Over the past few decades, coffee’s reputation has flip-flopped faster than a politician’s. In 1991, the World Health Organisation classified the beverage as a “possible carcinogen.” Then, in 2016, the organisation found that there was “no conclusive evidence for a carcinogenic effect of drinking coffee.” And in between, most of the news about coffee was largely positive: That, instead of being harmful to your health, regular coffee consumption (in moderation, of course), is actually good for you.
Then, in March of 2018, a Los Angeles-based judge ruled that companies must put cancer warning labels on coffee products sold in California. The reason: When roasted, coffee produces a chemical called acrylamide, which is classified as a carcinogen in California.
But here’s the thing: Acrylamide has only been shown to cause cancer in lab rodents.
“Large amounts of acrylamide has been shown to cause cancer in animal models, but there’s no compelling evidence showing that it increases the risk of cancer in humans,” says Catherine Carpenter, PhD, MPH, an investigator of cancer risk from dietary patterns and adjunct professor at the UCLA Center for Human Nutrition.
Plus, in rodent studies, she says, “animals are exposed to up to 60 times higher concentration of acrylamide than what humans are exposed to.” If you were drinking enough coffee every day to be exposed to that much acrylamide, you'd probably have bigger problems than just increased cancer risk.
Still feeling uneasy about your daily cup of joe? Here are five research-backed reasons to turn on your coffee pot.
1. Coffee might help lower your risk of certain cancers
There are more than 1,000 compounds in coffee, many of which likely harbor anti-inflammatory and anti-cancer compounds, according to a recent BMJ research review. “The coffee bean itself has antioxidants in it, which help prevent free radical damage that could potentially lead to cancer,” explains Susan Oh, MPH, director of the nutrition research program at Johns Hopkins, who was not involved with the study.
According to the report, coffee consumption is associated with a lower risk of melanoma and leukemia, as well as prostate and endometrial cancers. What’s more, a 2017 University of Southern California study found that coffee drinkers were 26 percent less likely to develop colorectal cancer than non-coffee drinkers. And those who drank more than 2.5 servings a day were 54 percent less likely to get the cancer.
2. Coffee might prevent type 2 diabetes
Diabetes is on the upswing in the United States: About 1.5 million people are diagnosed each year, according to the American Diabetes Association, and approximately 7.2 million people have the disease but don’t know it yet. But it's not all bad news. Researchers from Harvard University believe that drinking coffee—either decaf or regular—might help prevent the development of type 2 diabetes, the most common form. According to the analysis, which was published in the journal Diabetes Care, the more coffee people drink, the less likely they are to develop type 2 diabetes. (It is possible to overdo it, though. To keep insomnia, tummy troubles, and migraines at bay, health experts recommend drinking no more than four 8-ounce coffees daily.)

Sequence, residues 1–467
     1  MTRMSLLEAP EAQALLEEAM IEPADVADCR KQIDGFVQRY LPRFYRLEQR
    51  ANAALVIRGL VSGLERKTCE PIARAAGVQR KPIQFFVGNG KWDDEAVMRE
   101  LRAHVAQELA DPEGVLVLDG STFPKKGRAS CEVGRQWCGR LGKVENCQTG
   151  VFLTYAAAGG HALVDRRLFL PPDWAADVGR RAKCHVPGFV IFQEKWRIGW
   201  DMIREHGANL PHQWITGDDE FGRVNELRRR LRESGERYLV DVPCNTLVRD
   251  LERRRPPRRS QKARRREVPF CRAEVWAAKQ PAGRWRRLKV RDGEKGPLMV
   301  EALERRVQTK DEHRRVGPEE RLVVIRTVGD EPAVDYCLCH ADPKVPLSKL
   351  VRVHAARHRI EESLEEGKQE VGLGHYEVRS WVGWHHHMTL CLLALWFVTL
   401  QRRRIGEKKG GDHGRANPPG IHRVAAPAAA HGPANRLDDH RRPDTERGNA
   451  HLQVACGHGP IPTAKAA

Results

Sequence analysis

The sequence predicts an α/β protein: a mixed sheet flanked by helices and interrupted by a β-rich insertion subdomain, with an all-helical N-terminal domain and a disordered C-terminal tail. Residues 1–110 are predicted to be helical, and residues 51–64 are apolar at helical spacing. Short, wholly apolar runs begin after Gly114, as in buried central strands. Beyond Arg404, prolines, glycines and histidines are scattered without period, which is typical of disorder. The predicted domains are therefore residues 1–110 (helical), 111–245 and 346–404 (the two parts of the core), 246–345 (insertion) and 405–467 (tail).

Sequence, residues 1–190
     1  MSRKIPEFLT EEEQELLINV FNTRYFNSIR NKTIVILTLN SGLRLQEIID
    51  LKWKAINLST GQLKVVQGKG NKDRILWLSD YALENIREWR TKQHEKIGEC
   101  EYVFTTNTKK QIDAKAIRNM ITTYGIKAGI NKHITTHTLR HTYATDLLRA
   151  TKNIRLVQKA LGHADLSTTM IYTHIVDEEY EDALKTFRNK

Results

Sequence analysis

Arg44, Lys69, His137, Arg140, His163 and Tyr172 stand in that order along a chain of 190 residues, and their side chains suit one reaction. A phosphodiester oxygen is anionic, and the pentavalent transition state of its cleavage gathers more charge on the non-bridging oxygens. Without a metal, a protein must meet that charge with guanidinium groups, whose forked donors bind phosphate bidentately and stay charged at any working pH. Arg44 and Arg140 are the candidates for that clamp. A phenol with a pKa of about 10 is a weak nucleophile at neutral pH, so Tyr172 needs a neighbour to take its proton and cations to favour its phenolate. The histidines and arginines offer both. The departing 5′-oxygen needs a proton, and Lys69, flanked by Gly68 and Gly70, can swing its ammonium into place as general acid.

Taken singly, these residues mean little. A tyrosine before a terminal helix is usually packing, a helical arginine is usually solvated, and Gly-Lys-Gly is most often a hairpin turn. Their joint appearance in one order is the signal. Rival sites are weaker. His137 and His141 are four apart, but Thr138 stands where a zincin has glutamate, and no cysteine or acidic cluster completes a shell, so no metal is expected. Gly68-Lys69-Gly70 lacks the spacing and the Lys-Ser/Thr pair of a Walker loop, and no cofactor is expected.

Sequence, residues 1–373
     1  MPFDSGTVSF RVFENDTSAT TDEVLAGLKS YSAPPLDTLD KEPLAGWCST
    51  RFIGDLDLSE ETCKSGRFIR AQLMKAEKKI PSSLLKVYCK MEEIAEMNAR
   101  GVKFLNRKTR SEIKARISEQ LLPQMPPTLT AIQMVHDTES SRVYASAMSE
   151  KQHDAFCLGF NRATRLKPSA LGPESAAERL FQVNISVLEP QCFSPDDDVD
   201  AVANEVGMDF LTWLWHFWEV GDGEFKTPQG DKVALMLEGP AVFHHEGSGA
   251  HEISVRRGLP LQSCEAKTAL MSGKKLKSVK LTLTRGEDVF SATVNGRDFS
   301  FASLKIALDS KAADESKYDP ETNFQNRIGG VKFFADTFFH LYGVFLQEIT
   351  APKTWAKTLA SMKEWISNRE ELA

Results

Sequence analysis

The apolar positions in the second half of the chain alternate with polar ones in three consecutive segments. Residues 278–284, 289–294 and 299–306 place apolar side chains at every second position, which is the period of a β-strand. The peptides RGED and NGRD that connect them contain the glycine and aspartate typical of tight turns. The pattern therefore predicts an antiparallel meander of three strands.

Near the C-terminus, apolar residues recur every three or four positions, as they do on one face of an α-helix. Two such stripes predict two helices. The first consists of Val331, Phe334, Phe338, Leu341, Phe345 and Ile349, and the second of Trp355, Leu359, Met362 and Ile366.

Oh was not involved with the study, but points out that coffee contains chromium, a mineral that helps the body utilize insulin, a hormone that regulates blood sugar.
3. Coffee could decrease your risk of Alzheimer’s
Over the past decade, studies have found a link between coffee consumption and a lower risk of dementia. It’s thought that the drink’s high caffeine content might be responsible for the brain-boosting benefits. One small study of subjects who showed signs of memory problems found that, over a 2- to 4-year period, people with lower blood levels of caffeine were more likely to develop dementia than those with higher levels.
4. Coffee might protect your ticker
Coffee may also help protect your heart. For decades, patients with abnormal heart rhythms (which can increase the risk for sudden cardiac arrest and stroke), were advised to avoid caffeine. However, a new meta-analysis published in April 2018 indicates that drinking coffee can actually decrease atrial fibrillation frequency by up to 13 percent.
But that’s not all coffee can do to protect your body’s most vital organ. According to the BMJ review, people who drink coffee are 19 percent less likely to die of cardiovascular disease and 30 percent less likely to die of stroke than their coffee-abstaining counterparts.
5. Coffee might help you live longer
Most importantly, research shows that people who drink coffee may be less likely to die from all causes. That was the conclusion of a 2016 review in the European Journal of Epidemiology, which found that drinking 4 cups of coffee a day was associated with a lower risk of mortality, including deaths from heart disease and cancer.
This article originally appeared on Women's Health.